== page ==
The Moral Decline of Macbeth Is Depicted in the Language Used. Shakespeare’s Language Provides Imagery and Insight Into Macbeth’s State of Mind.

Topics: Macbeth, Mind, Gender role Pages: 3 (935 words) Published: March 18, 2011
*“Lady Macbeth’s ambition, like that of her husband, leads her to an unnatural, paranormal realm of witchcraft, insomnia and madness. But unlike Macbeth she cannot deal with the evil she has unleashed.” Discuss*

Shakespeare’s final play, Macbeth, tells us a story of a couple’s deadly ambition which corrupt, and ultimately, fix them in a world of evil. Lady Macbeth’s ambition, though, cannot be measured to Macbeth’s, because the way their ambition manifest themselves are completely different. The idea of men and women roles in the play also had a heavy part in the actions of Macbeth and Lady Macbeth; they portrayed the roles and were made to act like so. However, both Lady Macbeth and Macbeth cannot deal with evil; they together succumb themselves to their conscience and guilt – and then to the inevitable fate of death.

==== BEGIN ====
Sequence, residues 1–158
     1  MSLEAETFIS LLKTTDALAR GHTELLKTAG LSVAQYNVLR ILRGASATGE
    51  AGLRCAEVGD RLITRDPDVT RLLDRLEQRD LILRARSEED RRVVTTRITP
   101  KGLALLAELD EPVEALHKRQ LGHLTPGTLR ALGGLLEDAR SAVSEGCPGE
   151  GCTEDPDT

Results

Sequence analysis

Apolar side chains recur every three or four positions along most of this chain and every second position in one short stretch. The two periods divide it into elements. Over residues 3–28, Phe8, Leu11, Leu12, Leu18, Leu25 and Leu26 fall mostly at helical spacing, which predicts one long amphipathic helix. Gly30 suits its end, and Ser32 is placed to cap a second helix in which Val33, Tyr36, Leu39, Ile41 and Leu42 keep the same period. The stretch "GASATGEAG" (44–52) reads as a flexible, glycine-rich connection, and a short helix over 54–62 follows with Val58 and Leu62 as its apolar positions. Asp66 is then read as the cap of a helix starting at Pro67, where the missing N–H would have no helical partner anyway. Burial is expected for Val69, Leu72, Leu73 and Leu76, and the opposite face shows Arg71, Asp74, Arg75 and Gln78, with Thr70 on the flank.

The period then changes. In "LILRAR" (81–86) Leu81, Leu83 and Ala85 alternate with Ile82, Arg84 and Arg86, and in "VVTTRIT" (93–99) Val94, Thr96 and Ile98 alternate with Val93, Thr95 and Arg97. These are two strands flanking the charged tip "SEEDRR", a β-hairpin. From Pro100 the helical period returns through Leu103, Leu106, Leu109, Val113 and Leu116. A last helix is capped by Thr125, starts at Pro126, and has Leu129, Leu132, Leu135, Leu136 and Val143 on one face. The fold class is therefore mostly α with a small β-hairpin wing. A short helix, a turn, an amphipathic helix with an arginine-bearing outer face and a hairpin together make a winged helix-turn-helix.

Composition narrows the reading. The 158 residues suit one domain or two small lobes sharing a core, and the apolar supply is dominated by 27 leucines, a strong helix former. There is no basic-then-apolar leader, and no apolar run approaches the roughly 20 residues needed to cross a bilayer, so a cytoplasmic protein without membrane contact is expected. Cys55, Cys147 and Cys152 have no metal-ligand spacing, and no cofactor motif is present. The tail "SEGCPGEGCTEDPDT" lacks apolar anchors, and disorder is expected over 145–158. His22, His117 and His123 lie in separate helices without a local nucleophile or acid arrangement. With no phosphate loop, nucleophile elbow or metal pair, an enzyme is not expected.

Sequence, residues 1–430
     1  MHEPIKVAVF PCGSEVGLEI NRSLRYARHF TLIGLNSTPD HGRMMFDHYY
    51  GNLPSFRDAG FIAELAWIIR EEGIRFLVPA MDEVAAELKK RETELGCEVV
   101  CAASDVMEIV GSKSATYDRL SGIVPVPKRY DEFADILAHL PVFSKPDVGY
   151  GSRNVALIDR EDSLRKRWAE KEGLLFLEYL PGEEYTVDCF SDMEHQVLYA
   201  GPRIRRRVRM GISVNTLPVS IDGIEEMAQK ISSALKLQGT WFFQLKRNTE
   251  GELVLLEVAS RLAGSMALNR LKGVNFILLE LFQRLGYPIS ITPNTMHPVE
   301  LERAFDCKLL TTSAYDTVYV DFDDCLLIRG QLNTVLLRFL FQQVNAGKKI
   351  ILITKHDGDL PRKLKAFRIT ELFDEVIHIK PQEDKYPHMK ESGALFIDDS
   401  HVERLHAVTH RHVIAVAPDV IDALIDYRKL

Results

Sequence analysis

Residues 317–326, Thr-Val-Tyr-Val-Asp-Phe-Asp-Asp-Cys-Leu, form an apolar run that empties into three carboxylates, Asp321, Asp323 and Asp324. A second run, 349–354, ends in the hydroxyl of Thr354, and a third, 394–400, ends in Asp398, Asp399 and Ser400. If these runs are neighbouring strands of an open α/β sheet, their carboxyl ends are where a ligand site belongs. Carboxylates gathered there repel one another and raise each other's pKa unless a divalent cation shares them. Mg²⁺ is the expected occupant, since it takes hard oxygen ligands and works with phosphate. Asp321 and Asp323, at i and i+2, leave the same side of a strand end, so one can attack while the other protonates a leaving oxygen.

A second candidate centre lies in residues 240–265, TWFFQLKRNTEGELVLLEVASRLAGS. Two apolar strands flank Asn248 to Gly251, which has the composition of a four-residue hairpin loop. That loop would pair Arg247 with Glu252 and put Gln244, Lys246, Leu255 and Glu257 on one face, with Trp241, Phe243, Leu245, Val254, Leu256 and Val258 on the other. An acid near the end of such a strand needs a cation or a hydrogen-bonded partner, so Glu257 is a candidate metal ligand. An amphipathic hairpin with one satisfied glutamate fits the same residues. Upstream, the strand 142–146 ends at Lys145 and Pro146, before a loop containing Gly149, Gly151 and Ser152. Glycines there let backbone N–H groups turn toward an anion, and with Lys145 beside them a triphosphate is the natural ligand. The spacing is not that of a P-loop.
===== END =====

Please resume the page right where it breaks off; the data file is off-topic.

Lady Macbeth’s ambition is great; she disbeliefs conscience and has no debate between her choice between good and evil. She definitely had the “illness” (Act 1, Scene 5), unlike Macbeth, to act on her ambition – she had no doubts, misgivings or scruples. Lady Macbeth may equal with Macbeth’s ambition, but she is more ruthless and determined than him. “Come, thick night… that my keen knife see not the wound it makes” (Act 1, Scene 5). Lady Macbeth’s biggest flaw, perhaps, was just the simple fact that she was a woman. Although she had tried to rid her of her feminine attributes “Come, you spirits That tend on mortal thoughts, unsex me here, And fill me from the crown to the toe top-full Of direst cruelty” (Act 1, Scene 5) there are sections throughout the play that we can see the “woman” side of her come back – which foreshadows that it’ll backfire on her much harder than expected.

Lady Macbeth is strong and thinks that she can become a “man”; but in the end she succumbs to her guilt and conscience. When we first see her with Macbeth, we depict her as a “fourth witch” because she chants the same lines “Great Glamis! Worth Cawdor! Greater...
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